Drought relief vouchers impress Mutorwa

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Drought relief vouchers impress Mutorwa

NKURENKURU – Deputy Prime Minister John Mutorwa, says he is impressed by the Commodity and Beneficiary Management Information System (CBMIS), which enables the digitilisation of beneficiaries’ data  and the issuance of vouchers to them. 

The vouchers are redeemed at local contracted retailers and beneficiaries collect their food parcels there. 

“The transition to vouchers eases administrative and logistical costs associated with food delivery, storage and distribution. It also minimises the risk of pilferage and waste of drought relief products, and promotes support to the local economies in the different localities, as vouchers are redeemed at local retailers,” Prime Minister Saara Kuugongelwa-Amadhila said recently.

Currently, 2 276 people are benefitting through the voucher system.   Engaging the Kavango West leadership last week, Mutorwa was impressed by the progress made so far. 

The Government is busy working on a pilot project to give vouchers to drought relief beneficiaries to give them faster access to their food packs from nearby shops and cuca shops.

I am very impressed with these leaders here, both political and the technocrats and the casual workers, who are loading and offloading the food to ensure it reaches the communities,” Mutorwa said. 

During the visit, he observed that the warehouse was empty, “not because there was no food, but because the food is where it matters”. 

“It is with the beneficiaries, so I am very happy here. Of course not everything is in place, that is why we are touring. This is a programme for all of us, but so far so good. This truck is ready, they are loading so they can deliver (the food), that is what we want to see. We don’t want to be impressed with the warehouse full of bags, and then the excuses of no transport come. It (the warehouse) must be empty, people there must say we received our food,’’ he said during a visit to the Kavango West warehouse at Katwitwi village.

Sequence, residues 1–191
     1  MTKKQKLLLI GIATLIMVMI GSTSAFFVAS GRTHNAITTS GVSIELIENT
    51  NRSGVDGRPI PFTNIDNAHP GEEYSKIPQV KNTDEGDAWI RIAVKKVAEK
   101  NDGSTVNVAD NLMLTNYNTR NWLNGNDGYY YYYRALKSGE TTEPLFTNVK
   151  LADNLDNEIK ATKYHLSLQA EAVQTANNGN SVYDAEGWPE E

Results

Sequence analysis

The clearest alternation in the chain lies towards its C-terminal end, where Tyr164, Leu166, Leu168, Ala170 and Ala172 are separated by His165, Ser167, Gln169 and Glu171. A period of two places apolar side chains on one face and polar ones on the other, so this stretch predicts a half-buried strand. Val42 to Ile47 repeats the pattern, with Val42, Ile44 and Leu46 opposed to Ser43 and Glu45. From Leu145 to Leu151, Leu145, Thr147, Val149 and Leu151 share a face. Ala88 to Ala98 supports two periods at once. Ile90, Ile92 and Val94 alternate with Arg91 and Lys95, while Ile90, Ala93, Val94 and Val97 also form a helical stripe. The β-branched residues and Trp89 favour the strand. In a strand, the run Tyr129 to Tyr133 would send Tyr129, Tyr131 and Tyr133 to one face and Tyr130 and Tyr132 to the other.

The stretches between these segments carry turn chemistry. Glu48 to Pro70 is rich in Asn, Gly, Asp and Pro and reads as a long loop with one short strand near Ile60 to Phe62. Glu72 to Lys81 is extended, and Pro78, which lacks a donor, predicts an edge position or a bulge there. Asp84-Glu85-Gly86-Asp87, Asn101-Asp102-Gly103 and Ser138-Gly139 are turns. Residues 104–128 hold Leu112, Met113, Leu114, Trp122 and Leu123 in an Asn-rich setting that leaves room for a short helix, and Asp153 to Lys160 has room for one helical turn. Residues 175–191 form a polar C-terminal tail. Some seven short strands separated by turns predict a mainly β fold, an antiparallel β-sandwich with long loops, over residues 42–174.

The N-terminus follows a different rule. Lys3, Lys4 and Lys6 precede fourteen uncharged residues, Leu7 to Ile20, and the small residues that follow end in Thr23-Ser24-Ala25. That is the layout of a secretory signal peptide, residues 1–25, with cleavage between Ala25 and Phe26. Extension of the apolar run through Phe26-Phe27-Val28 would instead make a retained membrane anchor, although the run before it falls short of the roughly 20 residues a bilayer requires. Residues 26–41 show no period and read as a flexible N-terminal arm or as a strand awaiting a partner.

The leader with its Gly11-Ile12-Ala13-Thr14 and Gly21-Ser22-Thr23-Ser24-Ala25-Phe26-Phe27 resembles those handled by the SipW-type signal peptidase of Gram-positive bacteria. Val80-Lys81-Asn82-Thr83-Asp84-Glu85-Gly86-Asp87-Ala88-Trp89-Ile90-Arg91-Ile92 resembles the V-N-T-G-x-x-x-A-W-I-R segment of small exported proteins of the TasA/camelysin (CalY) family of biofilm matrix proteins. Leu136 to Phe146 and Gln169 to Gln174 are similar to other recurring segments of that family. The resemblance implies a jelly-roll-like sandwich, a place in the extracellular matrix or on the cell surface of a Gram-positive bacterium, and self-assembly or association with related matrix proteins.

Mutorwa said although there may be challenges, the government should push to establish the voucher system where it is feasible.

During a meeting at Nkurenkuru, he advised that anything being piloted must be done properly, and consultations are important. 

“But I like how it was explained It is a pilot project, and the principles that we want to achieve are noble principles, cutting on cost, faster way of getting the food to communities as well as empowering local businesses. The principle is good, but you need to work harder to perfect it, looking at practical, conditions of our country,’’ he said. 

The DPM noted that the programme will be implemented in practical possible areas, where it will work without causing inconveniences. “But in areas where it is impossible for practical reasons, the government will find a way to get there. There are certain programmes that the government does that reach every corner of the country, with or without transport, and people always ask us how we get it right. I’m talking about the election programme. So, also this project is very important,” he noted.

During Mutorwa’s visit, the regional council indicated that there were complaints about the quality of the maize meal.

“On the issue of the quality of the maize meal, what I have to say is that this maize meal is unsifted it will be different from the one we buy from shops, the one that we are used to consuming. The one we buy from the shops is sifted maize meal. 

The difference is the sifted maize meal is super-refined, to an extent that it has very little nutrients remaining,” said Helen Likando, the director of the disaster risk management in the OPM, who accompanied the deputy prime minister.

“And when we are feeding the people who are hungry and at the verge of suffering from malnutrition, we want to give them nutritious food which is unsifted to supplement their nutrition components. But we will test to see if it is good for human consumption or not,’’ she said. 

In Kavango East, the warehouse was packed to the roof with drought relief food, a situation attributed to transportation challenges, including poor roads that are hampering the delivery of food.

–  jmuyamba@nepc.com.na